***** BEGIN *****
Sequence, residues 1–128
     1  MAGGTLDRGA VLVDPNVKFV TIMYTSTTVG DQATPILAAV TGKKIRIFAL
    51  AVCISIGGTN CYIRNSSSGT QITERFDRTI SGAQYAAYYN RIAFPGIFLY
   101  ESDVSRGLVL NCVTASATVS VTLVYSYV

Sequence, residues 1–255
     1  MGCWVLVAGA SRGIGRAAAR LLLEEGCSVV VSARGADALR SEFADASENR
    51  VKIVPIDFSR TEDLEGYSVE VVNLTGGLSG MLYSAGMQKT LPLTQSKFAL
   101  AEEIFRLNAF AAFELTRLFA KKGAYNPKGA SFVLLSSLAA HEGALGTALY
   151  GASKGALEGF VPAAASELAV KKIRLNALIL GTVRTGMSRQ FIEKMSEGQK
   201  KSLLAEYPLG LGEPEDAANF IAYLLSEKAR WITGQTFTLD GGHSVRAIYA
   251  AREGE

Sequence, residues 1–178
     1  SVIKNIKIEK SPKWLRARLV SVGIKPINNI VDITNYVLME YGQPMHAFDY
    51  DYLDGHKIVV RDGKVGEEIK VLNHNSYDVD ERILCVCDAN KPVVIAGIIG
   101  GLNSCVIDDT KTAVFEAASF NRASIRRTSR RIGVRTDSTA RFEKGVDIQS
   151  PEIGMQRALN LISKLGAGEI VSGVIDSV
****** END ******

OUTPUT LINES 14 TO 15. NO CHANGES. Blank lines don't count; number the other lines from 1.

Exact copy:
    51  DYLDGHKIVV RDGKVGEEIK VLNHNSYDVD ERILCVCDAN KPVVIAGIIG
   101  GLNSCVIDDT KTAVFEAASF NRASIRRTSR RIGVRTDSTA RFEKGVDIQS